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Tongiaki: Journey into the Unknown» Forums » Sessions

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Mike Haverty
United States
Oklahoma
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I just played my first game of Tongiaki and I really enjoyed it, so much so that I have to wonder why this thing has an average rating of only 6.4...

This was a 2p game. Brian had played once before; he gave me a quick rundown of the rules, which are really pretty simple, and then off we went. Right from the start, I enjoyed this game.

* I like the components. Nicely illustrated tiles, plus the edges are cut in an undulating/wavelike fasion, which only enhances the theme.

* The fact that the more boats you have on an island lets you place more boats is a natural way to encourage you to concentrate placing on one island at a time, but this is directly counter to the fact that you score more points for occupying more islands. The more you spread out with your boats, the longer it takes you to concentrate an effort at any given spot.

* Aggressive boat play seems to work. At one point in the game, I decided to experiment and do the "New Settlement" option, which removes all your boats from the board and then lets you add one back. This seems like a drastic measure, because of the aforementioned exponential growth rate of boat placements on islands. However, by being very aggressive with launching doomed voyages, I was literally slaughtering Brian's people by the multiple boatload and was eventually able to gain the upper hand in board position.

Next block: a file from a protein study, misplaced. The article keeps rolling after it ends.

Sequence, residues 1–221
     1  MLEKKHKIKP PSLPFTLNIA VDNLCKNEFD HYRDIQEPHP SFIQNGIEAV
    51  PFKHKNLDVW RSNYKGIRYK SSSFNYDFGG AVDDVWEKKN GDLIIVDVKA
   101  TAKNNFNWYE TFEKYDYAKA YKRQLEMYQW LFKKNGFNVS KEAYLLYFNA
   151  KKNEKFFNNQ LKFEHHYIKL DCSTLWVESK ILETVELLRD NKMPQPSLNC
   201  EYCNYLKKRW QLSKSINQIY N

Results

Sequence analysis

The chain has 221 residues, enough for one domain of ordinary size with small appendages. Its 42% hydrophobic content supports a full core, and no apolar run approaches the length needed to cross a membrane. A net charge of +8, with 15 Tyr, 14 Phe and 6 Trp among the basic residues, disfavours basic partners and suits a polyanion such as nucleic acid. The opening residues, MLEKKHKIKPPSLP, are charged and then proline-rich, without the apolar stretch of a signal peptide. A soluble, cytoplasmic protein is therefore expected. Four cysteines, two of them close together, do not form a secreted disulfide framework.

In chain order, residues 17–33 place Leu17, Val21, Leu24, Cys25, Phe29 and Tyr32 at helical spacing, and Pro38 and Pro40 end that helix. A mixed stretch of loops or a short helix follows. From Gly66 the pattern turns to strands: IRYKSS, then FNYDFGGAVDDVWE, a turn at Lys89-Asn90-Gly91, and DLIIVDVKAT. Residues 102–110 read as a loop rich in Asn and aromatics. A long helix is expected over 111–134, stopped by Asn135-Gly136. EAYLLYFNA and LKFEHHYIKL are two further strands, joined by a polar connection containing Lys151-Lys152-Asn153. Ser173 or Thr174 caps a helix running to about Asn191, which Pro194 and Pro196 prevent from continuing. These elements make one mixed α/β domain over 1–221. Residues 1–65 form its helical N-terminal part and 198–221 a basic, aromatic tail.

* Chain reactions are awesome. A little chain reaction is nice, but the potential power of this mechanic was brought home to me when Brian managed to successfully launch 5 boats of his own color. He drew tile after tile with small beaches and by the end of the turn he occupied a string of islands, with no quick way for me to get my boats over there. This put me on the ropes for several turns as I scrambled to get some people over onto the 4-point islands he had discovered.

The combination of boat strategies and the opposing pull of spreading yourself thin for points vs concentrating for faster growth potential pushes my buttons just right. Yes, it is really an abstract game, but the theme and mechanics work for me -- I found this more enjoyable than, say, Thurn & Taxis, which became somewhat dry for me after just a couple plays.

I ended up winning by one point, which is always satisfying.

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John Farrell
Australia
Rozelle
New South Wales
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Buster Keaton from 'Go West'
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I agree with Drew - 2 players with the variant is a great game. However with 6 players it moves quite slowly while everyone else seems to have chain reactions while I end up having only one boat on a couple of islands and all I ever get to do is add a single boat.
 
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